Former All Black Carlos Spencer has been handed the head coaching role at the Eastern Province Kings for South Africa's Currie Cup with an eye to getting them ready for a return to an expanded Super Rugby championship in 2016.
Spencer's latest coaching role was confirmed today.
He takes charge of a hot potato in the rugby republic's messy political landscape.
The Kings, operating in a historically strong area for coloured and black rugby, were controversially admitted to Super Rugby at the expense of Johannesburg powerhouse the Lions last year.
But they last just one season under the coaching of former Crusaders hooker Matt Sexton who quit recently for personal reasons.
The Kings, finishing at the bottom of the table and as the worst South African side, had to play a promotion relegation series with the Lions which they lost.
The Lions are now back in this year's competition and South African authorities have fast-tracked the Kings to the premier division of their national championship, the Currie Cup, as compensation.
But with Sanzar announcing overnight that the new Super Rugby system from 2016 is likely to include six South African sides and one from Argentina, the Kings look likely to be back in the international mix soon.
The pressure will be on Spencer to make them competitive for that return.
The former Blues and All Blacks star, renowned for his flamboyant approach, should suit the mindset of the team from Port Elizabeth, on the eastern seaboard.
Spencer has made a home in South Africa following a solid stint in English rugby.
In 2010 Spencer signed for the Johannesburg-based Golden Lions, to play for the team in the 2010 and 2011 Super Rugby seasons.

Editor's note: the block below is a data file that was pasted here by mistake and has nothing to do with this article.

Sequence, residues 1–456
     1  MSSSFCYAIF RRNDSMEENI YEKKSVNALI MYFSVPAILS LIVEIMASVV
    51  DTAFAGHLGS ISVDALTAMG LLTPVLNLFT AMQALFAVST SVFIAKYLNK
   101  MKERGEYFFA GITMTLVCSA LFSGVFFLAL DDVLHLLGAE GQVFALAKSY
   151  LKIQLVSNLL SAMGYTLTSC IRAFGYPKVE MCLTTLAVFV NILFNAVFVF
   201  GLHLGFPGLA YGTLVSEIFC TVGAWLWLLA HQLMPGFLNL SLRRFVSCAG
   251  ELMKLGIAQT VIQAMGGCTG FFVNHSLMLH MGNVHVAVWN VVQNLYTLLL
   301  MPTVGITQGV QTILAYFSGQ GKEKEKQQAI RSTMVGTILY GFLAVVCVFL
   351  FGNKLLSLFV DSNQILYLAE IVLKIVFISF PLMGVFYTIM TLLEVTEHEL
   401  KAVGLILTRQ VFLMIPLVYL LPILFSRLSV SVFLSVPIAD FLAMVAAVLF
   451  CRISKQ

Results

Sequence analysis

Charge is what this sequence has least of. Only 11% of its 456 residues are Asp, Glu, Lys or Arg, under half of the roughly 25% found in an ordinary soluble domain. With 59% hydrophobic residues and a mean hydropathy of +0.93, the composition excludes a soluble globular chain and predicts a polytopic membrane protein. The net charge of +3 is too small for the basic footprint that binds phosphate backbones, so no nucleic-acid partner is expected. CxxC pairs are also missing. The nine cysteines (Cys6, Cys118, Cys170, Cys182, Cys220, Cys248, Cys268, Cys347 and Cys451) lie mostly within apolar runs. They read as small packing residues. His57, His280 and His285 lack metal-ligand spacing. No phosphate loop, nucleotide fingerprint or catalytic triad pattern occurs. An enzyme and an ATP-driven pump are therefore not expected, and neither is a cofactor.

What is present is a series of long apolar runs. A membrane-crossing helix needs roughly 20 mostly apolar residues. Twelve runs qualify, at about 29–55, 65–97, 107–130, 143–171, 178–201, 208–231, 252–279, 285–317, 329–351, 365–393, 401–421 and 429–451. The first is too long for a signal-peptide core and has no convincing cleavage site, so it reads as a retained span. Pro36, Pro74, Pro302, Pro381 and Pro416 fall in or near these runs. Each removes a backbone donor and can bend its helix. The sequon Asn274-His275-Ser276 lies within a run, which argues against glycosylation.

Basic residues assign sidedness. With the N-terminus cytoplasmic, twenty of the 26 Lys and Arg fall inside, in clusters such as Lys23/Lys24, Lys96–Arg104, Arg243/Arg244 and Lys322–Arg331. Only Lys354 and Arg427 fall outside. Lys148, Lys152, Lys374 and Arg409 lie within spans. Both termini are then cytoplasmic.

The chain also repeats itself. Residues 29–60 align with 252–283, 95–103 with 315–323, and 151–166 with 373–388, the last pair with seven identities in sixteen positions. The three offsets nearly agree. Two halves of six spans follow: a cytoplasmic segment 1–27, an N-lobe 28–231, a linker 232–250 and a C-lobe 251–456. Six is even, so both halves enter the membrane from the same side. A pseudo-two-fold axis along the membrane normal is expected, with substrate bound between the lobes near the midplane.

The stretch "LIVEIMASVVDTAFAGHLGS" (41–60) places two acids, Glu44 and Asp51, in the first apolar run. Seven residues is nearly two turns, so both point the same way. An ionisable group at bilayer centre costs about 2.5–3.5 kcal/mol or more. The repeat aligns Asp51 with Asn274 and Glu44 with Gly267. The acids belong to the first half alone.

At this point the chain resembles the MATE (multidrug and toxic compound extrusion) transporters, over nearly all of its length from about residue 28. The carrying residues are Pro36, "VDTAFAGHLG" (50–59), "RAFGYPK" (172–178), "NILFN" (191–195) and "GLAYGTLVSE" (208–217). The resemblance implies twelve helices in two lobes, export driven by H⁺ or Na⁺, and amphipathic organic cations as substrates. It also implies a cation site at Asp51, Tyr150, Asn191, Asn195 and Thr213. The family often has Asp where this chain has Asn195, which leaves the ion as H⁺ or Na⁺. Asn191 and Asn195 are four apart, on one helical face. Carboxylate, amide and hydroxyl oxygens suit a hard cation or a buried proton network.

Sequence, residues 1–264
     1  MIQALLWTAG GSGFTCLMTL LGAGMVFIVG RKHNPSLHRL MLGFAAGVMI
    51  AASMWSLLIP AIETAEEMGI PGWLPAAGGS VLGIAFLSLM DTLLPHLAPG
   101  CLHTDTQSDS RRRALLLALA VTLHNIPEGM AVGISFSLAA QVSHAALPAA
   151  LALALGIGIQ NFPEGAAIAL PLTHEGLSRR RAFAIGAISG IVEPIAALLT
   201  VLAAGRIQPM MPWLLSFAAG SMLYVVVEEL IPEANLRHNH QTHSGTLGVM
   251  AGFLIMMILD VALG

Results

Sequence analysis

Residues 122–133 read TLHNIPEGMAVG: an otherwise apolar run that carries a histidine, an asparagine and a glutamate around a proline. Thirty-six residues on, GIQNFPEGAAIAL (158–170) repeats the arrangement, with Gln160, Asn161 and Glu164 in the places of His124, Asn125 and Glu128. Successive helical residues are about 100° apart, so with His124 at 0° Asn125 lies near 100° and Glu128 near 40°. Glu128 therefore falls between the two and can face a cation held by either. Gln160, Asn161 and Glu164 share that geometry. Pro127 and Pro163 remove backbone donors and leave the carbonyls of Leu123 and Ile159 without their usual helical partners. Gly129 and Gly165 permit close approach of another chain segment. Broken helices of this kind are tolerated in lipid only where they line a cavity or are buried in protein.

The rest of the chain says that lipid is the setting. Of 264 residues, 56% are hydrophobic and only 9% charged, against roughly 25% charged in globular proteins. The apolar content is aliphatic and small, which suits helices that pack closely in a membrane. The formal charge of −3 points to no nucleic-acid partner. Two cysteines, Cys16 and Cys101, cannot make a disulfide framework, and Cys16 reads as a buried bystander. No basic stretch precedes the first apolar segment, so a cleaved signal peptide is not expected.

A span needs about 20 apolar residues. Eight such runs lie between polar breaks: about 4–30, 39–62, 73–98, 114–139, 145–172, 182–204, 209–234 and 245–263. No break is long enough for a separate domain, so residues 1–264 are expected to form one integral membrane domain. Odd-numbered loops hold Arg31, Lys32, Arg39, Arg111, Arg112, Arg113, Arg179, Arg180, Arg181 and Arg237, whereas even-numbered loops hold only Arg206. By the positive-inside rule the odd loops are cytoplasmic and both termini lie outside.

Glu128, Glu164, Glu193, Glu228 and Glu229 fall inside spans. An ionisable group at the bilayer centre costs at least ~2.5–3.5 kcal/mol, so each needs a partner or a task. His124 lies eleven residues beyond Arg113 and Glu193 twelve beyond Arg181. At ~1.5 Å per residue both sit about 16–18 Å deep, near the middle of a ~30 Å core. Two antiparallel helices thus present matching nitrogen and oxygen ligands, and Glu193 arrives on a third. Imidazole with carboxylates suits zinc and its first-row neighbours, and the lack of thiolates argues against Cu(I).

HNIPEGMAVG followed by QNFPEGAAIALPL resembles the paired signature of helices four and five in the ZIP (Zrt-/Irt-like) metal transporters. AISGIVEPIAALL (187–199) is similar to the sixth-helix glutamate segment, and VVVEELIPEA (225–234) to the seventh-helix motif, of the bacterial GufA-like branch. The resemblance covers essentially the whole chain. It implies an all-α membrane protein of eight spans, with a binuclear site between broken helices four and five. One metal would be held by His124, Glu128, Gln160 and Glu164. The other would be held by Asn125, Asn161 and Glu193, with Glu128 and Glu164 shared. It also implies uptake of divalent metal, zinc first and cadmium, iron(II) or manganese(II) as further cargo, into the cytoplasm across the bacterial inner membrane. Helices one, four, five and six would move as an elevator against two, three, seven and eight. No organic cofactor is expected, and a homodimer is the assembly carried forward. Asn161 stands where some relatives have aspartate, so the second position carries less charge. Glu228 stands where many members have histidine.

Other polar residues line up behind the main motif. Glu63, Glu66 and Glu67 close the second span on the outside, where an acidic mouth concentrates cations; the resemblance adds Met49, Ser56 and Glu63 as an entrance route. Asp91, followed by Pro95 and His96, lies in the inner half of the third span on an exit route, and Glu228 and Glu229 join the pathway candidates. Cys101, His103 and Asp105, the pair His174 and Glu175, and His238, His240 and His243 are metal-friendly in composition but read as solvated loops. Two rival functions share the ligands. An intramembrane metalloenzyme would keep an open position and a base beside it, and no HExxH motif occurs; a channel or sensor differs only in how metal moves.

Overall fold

He subsequently took up a coaching role alongside John Mitchell with the team before moving to the Durban-based Sharks for the 2013 season.
Now he has a job with plenty of responsibilities.
"There are obviously challenges ahead, in terms of the head coach role, but I'm excited about it and looking forward to it and I feel I have the right people here to help me as well," he said as his role was revealed at a press conference at the Nelson Bay Stadium today.
Spencer isn't expecting too much from this year's Currie Cup.
"This is a big step up for a lot of players. It's going to take a lot of work and I'm not expecting too much out of this first Currie Cup, I just want to see the team being competitive. If anything happens above that, it's a bonus."
"This is not a six month process, it will take time, but we are excited at having the opportunity and we just need to make the most of it."
Spencer described his coaching style as "very ambitious" but he was prepared to mix fun with hard work.
"In terms of where we are in terms of our fitness at the moment, we're way off the pace," he admitted.
"The next eight to 10 weeks that we have, we'll sit down and work with players on their fitness, their strength and explosive power."
He felt player recruitment would also be required though he wanted to assess his current squad first.
- © Fairfax NZ News
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